2010 Responsible Tourism Awards winners
Overall winner:Nihiwatu, Indonesia
The judges declared Nihiwatu, Indonesia the overall winner of the Responsible Tourism Awards 2010 with the following statement.
"The Judges were impressed by the unquestionable scale of change achieved by this comparatively small resort. Importantly, Nihiwatu has been able to leverage the income from what is a very luxurious tourism experience to alleviate poverty among the Sumbanese, and they have done so without compromising the comfort of that experience."
Best personal contribution sponsored by Oman Ministry of Tourism
Winner: Sam Raphael
Sam Raphael's vision was to use tourism to revitalize a community facing poverty after the demise of the banana industry. In an area devoid of tourism his Jungle Bay resort in Dominica was constructed, opened and is now almost entirely operated by the local community. The trickle-down effect of his efforts are felt far and wide from the farmers who supply the resort with produce to the disabled children cared for at his "House of Hope", and the youth supported by Sam's initiative to mentor and promote young entrepreneurs. The philosophy that underpins Jungle Bay is wholly down to the passion and commitment of Sam.
Jo Baddeley, Sustainable Destinations Manager, Thomas Cook
Scott Rains, Disability and Inclusive Development Consultant
Best destination sponsored by Oman Ministry of Tourism
Winner: Nurture Lakeland, UK
With over 17 years experience of inspiring businesses to support conservation and adopt sustainable tourism practices Nurture Lakeland is a pioneer of local tourism partnerships. This destination's results speak for themselves - £1.7 million has been raised working with 1,200 tourism businesses in fundraising for local conservation projects. Campaigns such as a car free scheme and the Herdy Fund have been successful at encouraging visitors to the area to ditch the car, as well as promoting the conservation of the Herdwick sheep, and the rural lifestyle associated with upland fell farming in Cumbria and the lakes.
Highly commended: Kangaroo Valley Tourist Association, Australia
Best in a mountain environment sponsored by Oman Ministry of Tourism
Winner: Ecosphere, India
Ecosphere is a self-reliant social enterprise where the economic benefits to mountain communities are both clearly demonstrated and transformative. Ecosphere has moved from being donor funded to self-supporting, and 55 out of the 66 villages in the Spiti Valley have seen their incomes rise by up to 50% through Ecosphere’s diverse initiatives and responsible tourism programme. Their carbon reduction programme is also comprehensive, citing a reduction of 520 tons of C\O2 per year.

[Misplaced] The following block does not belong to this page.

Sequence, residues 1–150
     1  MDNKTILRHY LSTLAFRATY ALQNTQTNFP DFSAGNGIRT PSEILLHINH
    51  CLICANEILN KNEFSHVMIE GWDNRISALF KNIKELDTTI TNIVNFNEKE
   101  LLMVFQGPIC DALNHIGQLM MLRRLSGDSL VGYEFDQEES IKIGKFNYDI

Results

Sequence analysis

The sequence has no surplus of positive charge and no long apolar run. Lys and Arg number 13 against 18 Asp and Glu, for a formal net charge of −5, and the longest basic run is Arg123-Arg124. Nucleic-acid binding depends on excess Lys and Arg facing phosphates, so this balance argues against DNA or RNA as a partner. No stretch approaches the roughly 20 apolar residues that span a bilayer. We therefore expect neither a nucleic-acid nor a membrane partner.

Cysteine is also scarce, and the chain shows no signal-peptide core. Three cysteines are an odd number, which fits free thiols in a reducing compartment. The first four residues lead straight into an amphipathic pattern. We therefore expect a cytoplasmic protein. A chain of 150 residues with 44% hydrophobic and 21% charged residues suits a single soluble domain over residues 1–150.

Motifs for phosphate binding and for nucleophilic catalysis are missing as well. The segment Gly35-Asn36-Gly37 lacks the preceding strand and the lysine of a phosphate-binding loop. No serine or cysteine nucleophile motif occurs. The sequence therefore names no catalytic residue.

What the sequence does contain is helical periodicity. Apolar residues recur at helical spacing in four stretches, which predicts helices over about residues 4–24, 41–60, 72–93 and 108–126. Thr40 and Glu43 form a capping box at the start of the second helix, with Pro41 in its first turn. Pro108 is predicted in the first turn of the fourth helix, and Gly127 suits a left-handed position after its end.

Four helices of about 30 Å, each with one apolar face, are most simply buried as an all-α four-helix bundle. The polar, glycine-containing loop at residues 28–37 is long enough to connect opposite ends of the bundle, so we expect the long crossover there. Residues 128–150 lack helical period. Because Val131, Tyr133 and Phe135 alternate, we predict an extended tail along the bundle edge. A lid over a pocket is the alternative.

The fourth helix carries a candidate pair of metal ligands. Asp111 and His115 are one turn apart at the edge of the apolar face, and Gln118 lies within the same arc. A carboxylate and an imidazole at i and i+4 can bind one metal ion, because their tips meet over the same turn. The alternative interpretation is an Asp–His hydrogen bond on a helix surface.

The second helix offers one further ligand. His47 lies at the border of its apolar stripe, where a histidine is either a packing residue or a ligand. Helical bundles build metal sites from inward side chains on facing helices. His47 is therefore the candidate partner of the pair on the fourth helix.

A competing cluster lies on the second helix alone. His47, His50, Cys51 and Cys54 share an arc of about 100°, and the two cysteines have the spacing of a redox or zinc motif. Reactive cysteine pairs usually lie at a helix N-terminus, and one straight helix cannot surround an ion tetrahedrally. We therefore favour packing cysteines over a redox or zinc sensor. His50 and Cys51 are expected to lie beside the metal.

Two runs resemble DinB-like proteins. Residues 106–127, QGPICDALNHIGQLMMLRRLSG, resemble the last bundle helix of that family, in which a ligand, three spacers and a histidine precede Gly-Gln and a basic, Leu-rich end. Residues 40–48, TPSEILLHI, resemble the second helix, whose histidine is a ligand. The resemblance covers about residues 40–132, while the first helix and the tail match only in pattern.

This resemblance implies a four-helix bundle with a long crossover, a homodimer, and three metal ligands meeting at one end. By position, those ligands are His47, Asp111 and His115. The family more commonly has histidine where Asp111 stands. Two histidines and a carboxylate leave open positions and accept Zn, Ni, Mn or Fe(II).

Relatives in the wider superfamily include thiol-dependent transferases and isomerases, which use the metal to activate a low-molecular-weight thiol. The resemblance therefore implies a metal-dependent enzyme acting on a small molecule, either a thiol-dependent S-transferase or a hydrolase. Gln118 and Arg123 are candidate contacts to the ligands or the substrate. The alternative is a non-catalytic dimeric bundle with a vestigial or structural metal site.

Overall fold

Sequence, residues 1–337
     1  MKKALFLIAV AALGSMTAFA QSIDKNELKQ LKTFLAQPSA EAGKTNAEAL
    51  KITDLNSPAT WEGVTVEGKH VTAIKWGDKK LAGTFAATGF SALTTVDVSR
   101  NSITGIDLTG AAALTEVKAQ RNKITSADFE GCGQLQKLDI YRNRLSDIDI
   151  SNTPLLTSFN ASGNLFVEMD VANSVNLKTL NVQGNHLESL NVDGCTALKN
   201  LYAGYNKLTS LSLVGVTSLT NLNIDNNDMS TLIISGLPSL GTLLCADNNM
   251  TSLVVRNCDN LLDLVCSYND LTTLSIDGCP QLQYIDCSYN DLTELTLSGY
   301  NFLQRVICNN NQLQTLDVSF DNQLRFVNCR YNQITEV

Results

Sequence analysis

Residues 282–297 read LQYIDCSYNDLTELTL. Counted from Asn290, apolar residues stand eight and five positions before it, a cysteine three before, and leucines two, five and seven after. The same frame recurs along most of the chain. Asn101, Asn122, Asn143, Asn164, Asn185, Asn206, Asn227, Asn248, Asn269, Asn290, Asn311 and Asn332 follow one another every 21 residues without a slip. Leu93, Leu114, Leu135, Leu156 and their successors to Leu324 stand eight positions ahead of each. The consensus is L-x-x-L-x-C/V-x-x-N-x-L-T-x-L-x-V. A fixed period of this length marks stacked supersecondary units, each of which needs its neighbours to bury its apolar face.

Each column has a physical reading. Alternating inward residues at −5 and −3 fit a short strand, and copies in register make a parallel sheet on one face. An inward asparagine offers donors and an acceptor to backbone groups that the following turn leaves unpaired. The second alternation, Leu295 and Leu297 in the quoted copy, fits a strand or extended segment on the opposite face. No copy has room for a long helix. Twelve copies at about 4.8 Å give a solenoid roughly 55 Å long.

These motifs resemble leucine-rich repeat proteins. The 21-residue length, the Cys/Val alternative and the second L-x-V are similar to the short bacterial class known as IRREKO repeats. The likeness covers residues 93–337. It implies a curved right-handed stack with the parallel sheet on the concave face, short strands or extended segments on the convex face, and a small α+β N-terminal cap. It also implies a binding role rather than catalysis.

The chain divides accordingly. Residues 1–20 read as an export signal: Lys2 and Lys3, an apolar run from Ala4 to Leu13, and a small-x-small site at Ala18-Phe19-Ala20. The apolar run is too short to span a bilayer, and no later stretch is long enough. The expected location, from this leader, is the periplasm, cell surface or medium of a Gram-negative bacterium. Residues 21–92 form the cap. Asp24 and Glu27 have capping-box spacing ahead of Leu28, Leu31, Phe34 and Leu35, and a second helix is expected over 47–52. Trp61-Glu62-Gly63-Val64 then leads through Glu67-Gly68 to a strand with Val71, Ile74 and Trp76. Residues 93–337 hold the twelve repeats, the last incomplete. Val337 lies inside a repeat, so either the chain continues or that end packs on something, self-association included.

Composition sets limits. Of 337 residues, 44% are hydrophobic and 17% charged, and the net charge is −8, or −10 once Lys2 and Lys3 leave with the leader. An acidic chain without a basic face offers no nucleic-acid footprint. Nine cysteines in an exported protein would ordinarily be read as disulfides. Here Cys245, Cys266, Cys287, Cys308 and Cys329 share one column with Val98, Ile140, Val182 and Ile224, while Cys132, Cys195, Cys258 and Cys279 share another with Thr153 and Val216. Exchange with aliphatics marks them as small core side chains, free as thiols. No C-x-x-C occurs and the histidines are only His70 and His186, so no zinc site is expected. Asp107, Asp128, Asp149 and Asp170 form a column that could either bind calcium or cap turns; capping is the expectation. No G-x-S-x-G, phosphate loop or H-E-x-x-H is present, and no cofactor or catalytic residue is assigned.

Highly commended: Kasbah du Toubkal, Morocco, Shakti Himalaya, India, Village of Corrençon en Vercors, France
Best tour operator for local economies sponsored by Oman Ministry of Tourism
Winner: Desafio Adventure Company, Costa Rica
This Costa Rican adventure tourism operator is awarded for an investment in local people that goes beyond the benefits to their tourism business. An income of £1.2 million annually from 15,000 passengers allows Desafio to support their staff in their own local entrepreneurial initiatives - helping their guides to buy photographic equipment, drivers to buy vehicles for their own business ventures, and even supporting the office manager in developing her own website. They demonstrate that the benefits of local tourism can have lasting effects on local livelihoods.
Best responsible cruise or ferry operator sponsored by Oman Ministry of Tourism
Winner: Orion Expedition Cruises, Australia
Orion Expedition Cruising is the only cruise company with Earthcheck certification, and shows a real commitment to the communities it visits. By acknowledging that authenticity can only be realized for their guests by working in partnership with communities, they conduct community research ahead of establishing new ports of call - helping protect cultural heritage and environment while offering real benefits to the places they visit. They have influenced suppliers to make positive changes like moving from plastic containers to cardboard and aluminum bottles over plastic. Cruise is a growth area and this small operator is one to watch.
Highly commended: Kalimantan Tour Destinations, Indonesia
Best volunteering organisation sponsored by Swaziland Tourism Authority
Winner: Blue Ventures, UK
Blue Ventures is an example of how social initiatives can contribute to local livelihood diversification, and support community resilience in the face of upheaval. In 2009 their project in Madagascar was threatened by the political crisis and many organisations chose to pull out of the country. Testament to their principles, Blue Ventures stayed committed to the project, with head office staff in London taking a 25% pay cut to ensure the maintenance of the jobs in Madagascar.
Highly commended: Biosphere Expeditions, UK; BTCV, UK, The Great Orangutan Project, Borneo
Best accommodation for the environment sponsored by Tourism Western Australia
Winner: Hotel Mocking Bird Hill, Jamaica